Article

Disjunctivism

Berit Brogaard

in Philosophy

ISBN: 9780195396577
Published online May 2010 | | DOI: http://dx.doi.org/10.1093/obo/9780195396577-0033
Disjunctivism

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Disjunctivism—with respect to bodily or mental states or reasons of kind S—is the view that S-states (or reasons) can be divided into more fundamental kinds of entities that have different kinds of entities as their essential constituents, or that differ in what kind of information, evidence, or motivation they provide. The best-known version of disjunctivism is an offspring of one of the oldest theories of perception, known as naive realism. To a first approximation, naive realism is the view that perceptions have mind-independent objects among their constituents. Many historical philosophers (from John Locke to Bertrand Russell) argued that naive realism must be rejected on the grounds that hallucinations are perceptual experiences that do not have mind-independent objects among their constituents. Their reasoning, roughly, went as follows: Perceptions and hallucinations are constitutively on a par. Hence, either both perceptions and hallucinations have mind-independent objects among their constituents or neither does. As hallucinations do not have mind-independent objects among their constituents, neither do perceptions. Contemporary philosophers have resurrected the theory by treating perception and hallucination as having different kinds of entities among their constituents. This version of naive realism has come to be known as “the disjunctive conception of experience.” Epistemological disjunctivism and disjunctivism about phenomenal belief, or what I shall call “introspective disjunctivism,” have also gained popularity in recent years. Epistemological disjunctivism is the view that only genuine cases of perception provide (good) perceptual evidence. Introspective disjunctivism is the view that genuine phenomenal beliefs have phenomenal properties among their constituents. More recently, disjunctivist accounts of bodily movements, abilities, and reasons for action have entered the philosophical scene. These accounts treat the relevant bodily or mental entities as divisible into different kinds that have different kinds of entities among their constituents, or that satisfy different epistemic or practical constraints. This entry focuses on the contemporary debate about the different varieties of disjunctivism just outlined, including their characterization, their motivation, and their potential shortcomings.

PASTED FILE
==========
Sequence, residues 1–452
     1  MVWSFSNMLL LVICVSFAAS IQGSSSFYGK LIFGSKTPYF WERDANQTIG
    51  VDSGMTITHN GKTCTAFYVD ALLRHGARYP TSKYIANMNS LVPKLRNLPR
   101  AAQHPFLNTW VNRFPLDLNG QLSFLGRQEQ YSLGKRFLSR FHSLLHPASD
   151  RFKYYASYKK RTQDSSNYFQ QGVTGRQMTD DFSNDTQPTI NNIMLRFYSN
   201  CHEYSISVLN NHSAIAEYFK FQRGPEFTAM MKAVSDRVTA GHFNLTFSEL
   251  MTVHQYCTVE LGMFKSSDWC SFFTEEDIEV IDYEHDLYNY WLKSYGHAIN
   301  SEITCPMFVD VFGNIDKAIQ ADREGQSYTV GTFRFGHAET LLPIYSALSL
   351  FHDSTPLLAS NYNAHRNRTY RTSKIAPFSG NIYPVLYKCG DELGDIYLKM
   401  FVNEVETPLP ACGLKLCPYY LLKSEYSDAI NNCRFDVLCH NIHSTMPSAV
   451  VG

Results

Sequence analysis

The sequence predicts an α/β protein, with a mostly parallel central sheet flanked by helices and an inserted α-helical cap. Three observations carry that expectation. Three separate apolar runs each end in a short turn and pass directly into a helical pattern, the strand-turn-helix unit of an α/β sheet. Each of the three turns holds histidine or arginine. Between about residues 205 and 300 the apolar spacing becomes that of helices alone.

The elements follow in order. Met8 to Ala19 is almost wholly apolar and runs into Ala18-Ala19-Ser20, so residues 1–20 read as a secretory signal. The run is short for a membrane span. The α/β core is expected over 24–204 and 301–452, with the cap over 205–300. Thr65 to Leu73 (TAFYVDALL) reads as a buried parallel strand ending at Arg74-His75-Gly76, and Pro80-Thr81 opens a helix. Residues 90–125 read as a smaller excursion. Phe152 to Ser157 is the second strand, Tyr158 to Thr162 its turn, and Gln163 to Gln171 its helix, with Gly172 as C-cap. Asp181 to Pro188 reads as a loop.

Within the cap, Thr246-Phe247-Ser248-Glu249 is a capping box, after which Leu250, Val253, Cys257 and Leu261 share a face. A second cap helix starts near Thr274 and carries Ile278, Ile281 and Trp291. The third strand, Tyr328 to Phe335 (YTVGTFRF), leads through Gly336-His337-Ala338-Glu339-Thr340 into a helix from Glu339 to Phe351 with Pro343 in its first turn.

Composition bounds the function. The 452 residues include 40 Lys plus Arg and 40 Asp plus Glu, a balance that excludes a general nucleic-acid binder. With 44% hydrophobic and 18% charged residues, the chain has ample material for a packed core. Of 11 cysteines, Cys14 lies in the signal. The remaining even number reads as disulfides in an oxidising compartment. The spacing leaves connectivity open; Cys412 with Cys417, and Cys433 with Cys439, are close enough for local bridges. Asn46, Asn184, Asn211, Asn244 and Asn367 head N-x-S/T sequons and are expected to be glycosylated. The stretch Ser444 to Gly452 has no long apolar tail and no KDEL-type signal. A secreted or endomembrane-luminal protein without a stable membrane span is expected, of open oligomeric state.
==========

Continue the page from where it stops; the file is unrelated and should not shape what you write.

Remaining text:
Article.  6431 words. 

Subjects: Philosophy ; Aesthetics and Philosophy of Art ; Epistemology ; Feminist Philosophy ; History of Western Philosophy ; Metaphysics ; Moral Philosophy ; Non-Western Philosophy ; Philosophy of Language ; Philosophy of Law ; Philosophy of Mathematics and Logic ; Philosophy of Mind ; Philosophy of Religion ; Philosophy of Science ; Social and Political Philosophy

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